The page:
The division of labor has typically been portrayed as a complementary strategy in which men and women work on separate tasks to achieve a common goal of provisioning the family. In this paper, we propose that task specialization between female kin might also play an important role in women's social and economic strategies. We use historic group composition data from a population of Western Desert Martu Aborigines to show how women maintained access to same-sex kin over the lifespan. Our results show that adult women had more same-sex kin and more closely related kin present than adult men, and they retained these links after marriage. Maternal co-residence was more prevalent for married women than for married men, and there is evidence that mothers may be strategizing to live with daughters at critical intervals-early in their reproductive careers and when they do not have other close female kin in the group. The maintenance of female kin networks across the lifespan allows for the possibility of cooperative breeding as well as an all-female division of labor.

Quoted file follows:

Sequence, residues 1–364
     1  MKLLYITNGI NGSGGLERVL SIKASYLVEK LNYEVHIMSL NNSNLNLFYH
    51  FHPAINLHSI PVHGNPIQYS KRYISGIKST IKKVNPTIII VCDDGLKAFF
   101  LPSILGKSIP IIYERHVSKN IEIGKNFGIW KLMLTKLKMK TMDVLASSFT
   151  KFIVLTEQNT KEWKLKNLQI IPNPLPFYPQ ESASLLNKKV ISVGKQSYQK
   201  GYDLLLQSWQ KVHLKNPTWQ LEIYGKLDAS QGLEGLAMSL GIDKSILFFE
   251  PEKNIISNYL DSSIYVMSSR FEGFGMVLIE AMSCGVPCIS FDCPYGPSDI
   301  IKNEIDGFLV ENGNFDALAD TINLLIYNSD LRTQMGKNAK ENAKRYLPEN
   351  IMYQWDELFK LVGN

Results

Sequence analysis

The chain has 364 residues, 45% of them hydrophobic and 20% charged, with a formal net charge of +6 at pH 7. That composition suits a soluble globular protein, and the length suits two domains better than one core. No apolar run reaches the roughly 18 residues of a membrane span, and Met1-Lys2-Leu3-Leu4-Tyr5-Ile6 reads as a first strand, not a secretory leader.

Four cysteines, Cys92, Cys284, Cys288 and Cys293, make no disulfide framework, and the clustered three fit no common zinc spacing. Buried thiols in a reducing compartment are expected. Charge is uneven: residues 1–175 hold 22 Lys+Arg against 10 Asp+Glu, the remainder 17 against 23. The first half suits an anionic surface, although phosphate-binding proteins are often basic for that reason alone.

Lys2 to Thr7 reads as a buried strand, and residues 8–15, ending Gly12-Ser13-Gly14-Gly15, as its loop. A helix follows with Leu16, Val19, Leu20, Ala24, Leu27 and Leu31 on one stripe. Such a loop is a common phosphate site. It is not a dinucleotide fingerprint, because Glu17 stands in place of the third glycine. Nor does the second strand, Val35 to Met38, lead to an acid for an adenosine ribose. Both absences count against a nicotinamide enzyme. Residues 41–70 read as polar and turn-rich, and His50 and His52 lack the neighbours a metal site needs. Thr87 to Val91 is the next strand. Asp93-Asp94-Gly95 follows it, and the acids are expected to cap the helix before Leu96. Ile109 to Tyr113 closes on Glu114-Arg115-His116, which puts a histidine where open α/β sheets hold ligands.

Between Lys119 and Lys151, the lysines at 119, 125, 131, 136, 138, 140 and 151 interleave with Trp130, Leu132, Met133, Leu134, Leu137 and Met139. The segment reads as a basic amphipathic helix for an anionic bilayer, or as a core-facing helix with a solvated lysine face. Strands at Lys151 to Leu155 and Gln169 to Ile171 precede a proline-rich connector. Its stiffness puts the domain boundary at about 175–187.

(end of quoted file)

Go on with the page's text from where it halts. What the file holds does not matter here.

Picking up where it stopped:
All Science Journal Classification (ASJC) codes
- Ecology, Evolution, Behavior and Systematics
- Arts and Humanities (miscellaneous)
- Social Sciences (miscellaneous)
- Sociology and Political Science